Book Review: A Man Beyond his Mission
Posted on: 04/25/2020 07:19 PM

by John Young

This book is real. By that, I mean that the author is who he says he is, and the events recounted really happened.


This review has been a long time coming, but it required some rumination because the book in question is far from ordinary.

Mitchell Henderson's "A Man Beyond His Mission: An Insider's Secret History of the Decay of American Society, Military and Law Enforcement" is a thought provoking book that, like its author, goes beyond its stated mission. Looking just at the title, you'd expect the book to offer an insider's perspective on the decay of society and important institutions. And your expectation would be correct. But the book goes far beyond that in other important ways.

The central narrative of "A Man Beyond His Mission" is the author's role in taking down the infamous Cali Cartel.

The Background and Reality
For those unfamiliar, the Cali Cartel at one time controlled 90% of the world's cocaine, and encompassed a worldwide network of mercenaries, intelligence assets and business enterprises. As a multi-billion dollar enterprise, the Cali Cartel had numerous paid-off cops all over the world in its network, within national governments and at the local levels. They also maintained their own radio system as well as the ability to eavesdrop on all telephone calls (including those of the U.S. Embassy) in Colombia. Nearly every taxi driver in the country was beholden to the cartel, serving as a source of intelligence. Much of their data was encrypted so thoroughly that, even long after their demise, it remains secure. Thus their tentacles likely reached even more deeply than we will ever know.

The cartel's primary source of discipline lay in hiring people whose families were close at hand, so the families' safety could be used as leverage to assure loyalty. Even with this, it was not unusual for the cartel to kill members who made errors in judgment that might expose them. Particularly if you were an outsider without accessible family, your dealings with the cartel had to walk a tightrope because even the slightest hint of an error could result in your death.

The Havamal says that no man is so good as to be free of evil, nor so evil as to be free of good. Though the cartel was a criminal enterprise whose wealth was built on the back of human suffering, in many respects they served as "good neighbors" in Colombia, which gained them a certain amount of support and respect from the local population.

For example, after a family member of one of the leaders was kidnapped, they brought in mercenaries and organized efforts to wipe out the common practice of kidnappings that were undertaken by various communist groups in Colombia. (In many cases, outside contractors fighting these communist kidnappers were unaware they were actually working for the cartel.) Likewise, the cartel "cleaned up the streets" of Cali by working with locals to identify street criminals of various sorts, along with prostitutes, homosexuals and street urchins, who were then murdered and thrown into a local river. This reached such a level that the river became known as "the river of death." But for someone unfamiliar with the brutality behind the scenes that made it possible, Cali looked idyllic.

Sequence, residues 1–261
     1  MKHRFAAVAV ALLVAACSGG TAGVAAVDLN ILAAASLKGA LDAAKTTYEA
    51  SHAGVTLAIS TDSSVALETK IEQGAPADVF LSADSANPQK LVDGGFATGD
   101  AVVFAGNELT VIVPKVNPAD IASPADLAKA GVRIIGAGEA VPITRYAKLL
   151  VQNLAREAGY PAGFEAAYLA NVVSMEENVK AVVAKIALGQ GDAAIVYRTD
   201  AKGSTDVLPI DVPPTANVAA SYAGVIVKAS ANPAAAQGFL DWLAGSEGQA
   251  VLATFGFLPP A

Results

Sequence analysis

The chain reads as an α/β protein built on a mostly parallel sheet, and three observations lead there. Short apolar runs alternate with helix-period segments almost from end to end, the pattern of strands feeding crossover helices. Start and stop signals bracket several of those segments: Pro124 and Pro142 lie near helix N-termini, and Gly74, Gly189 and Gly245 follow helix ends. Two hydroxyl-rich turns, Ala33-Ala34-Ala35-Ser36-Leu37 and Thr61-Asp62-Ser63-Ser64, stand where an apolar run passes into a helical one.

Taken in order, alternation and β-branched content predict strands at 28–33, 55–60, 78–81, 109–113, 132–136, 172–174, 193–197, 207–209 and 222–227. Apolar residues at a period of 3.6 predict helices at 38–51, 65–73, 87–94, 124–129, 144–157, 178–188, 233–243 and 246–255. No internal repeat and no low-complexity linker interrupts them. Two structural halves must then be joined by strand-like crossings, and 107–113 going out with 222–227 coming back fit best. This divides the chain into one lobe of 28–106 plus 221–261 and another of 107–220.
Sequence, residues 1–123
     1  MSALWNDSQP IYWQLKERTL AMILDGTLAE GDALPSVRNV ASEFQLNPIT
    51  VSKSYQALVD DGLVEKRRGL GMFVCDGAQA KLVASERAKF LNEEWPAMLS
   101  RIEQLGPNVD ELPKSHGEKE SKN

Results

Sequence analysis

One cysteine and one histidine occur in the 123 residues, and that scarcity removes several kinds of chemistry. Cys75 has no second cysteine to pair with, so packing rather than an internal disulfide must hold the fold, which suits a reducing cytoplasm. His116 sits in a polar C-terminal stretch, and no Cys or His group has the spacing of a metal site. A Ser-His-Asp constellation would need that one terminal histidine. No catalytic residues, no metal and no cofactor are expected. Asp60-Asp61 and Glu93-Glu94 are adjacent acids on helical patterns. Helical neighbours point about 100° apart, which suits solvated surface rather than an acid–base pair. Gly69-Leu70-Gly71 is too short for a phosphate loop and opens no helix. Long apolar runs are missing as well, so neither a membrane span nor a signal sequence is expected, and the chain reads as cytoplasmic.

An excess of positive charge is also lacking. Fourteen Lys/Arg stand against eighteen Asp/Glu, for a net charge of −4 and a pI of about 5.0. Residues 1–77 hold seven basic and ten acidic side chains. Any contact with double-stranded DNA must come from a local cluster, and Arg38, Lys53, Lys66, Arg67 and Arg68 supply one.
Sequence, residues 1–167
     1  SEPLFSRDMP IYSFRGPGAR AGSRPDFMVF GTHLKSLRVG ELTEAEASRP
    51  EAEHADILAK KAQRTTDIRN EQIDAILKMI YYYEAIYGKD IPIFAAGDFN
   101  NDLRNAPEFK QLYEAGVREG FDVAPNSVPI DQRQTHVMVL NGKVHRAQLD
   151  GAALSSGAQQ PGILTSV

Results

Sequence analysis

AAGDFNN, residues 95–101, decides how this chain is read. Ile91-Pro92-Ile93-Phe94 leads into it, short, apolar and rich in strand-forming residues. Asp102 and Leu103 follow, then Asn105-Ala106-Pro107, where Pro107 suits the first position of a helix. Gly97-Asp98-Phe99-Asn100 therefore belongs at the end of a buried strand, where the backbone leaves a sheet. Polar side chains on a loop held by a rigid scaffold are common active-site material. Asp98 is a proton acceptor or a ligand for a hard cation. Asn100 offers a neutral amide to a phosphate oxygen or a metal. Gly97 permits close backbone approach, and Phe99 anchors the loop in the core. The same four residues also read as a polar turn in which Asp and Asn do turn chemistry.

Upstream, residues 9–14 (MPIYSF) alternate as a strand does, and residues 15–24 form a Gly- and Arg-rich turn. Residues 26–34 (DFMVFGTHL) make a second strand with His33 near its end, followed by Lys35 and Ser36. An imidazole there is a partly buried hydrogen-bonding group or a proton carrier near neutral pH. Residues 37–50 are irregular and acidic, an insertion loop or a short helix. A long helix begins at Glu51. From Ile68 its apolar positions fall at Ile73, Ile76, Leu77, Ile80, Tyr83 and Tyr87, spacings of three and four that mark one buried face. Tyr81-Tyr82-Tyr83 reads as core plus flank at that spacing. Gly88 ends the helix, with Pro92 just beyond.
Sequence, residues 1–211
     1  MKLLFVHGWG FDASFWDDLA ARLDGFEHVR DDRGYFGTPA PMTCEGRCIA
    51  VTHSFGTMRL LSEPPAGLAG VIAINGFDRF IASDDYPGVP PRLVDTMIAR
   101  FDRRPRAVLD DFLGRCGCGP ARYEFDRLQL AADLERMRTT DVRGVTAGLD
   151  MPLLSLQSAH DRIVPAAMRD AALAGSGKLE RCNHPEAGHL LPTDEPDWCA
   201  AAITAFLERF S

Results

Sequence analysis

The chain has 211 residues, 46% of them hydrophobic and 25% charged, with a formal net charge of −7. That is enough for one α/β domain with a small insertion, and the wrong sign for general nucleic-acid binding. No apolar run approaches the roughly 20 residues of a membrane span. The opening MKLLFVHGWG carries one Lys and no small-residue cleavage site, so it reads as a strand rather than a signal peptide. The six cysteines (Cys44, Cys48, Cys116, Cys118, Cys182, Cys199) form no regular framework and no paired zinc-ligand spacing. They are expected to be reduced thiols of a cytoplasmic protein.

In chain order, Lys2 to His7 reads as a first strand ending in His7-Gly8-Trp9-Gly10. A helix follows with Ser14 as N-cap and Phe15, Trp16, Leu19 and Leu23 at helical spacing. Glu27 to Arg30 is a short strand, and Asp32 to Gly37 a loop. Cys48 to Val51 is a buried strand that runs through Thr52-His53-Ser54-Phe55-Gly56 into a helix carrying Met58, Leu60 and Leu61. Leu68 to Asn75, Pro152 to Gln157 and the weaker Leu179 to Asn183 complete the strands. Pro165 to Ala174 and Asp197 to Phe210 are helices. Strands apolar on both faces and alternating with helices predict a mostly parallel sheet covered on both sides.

Even so, their efforts against communist insurgents -- who had particularly terrorized the ruling class of Colombia through kidnappings and murders -- gained them the tacit but unstated support of the most powerful people in the country, even if not on the payroll.

All of these factors combined to make any effort to bring down the cartel seemingly impossible, and most certainly fraught with peril. In fact, the author -- already well educated -- had to abandon his old life and credentials and assume a new identity, starting over from a GED after the mission. And even after that, he had to deal repeatedly with Cali agents within U.S. law enforcement seeking him out to enable his assassination.

Although this book makes some passing mention of the danger of the mission, I am highlighting all of the above both as background and to make clear what his area of operations was really like. Although he would disagree with me, I feel he has downplayed his own courage and resourcefulness. Even decades later, having resumed his real name and written this book, he has done so at personal risk. Because of his work, a lot of evil was taken out of this world, and for that he is to be appreciated.


This book is real. By that, I mean that the author is who he says he is, and the events recounted really happened. Everything in this book checks out. Furthermore, I spent a couple of years among the upper class in Colombia just prior to the events he recounts, and the details he provides about how common things work there (such as the fact you drive into a guarded basement garage before ascending to an actual residence) are too mundane to find on Wikipedia and would never be known to someone who did not experience them first-hand.

In addition, I have the honor of having met Mitch personally, consider him a friend, and we've had a number of interesting conversations about all sorts of things. Not only is he the real deal, but he's a very intelligent and exceptionally educated man of an unusually high character that is hard to find today. So you can trust that this book, as extraordinary as it is, is true.

The Narrative
Like many great books, and it is a technique that is hard to pull off but he does it well, this book starts in the middle of the story and then goes back to explain how the author wound up in such a situation in the first place.

In order to infiltrate an organization like the Cali Cartel, you need a combination of skills and certain underlying attitudes that are rare. So it was important to establish the origination of those skill and attitudes, which the author does through the first 280 pages of the book.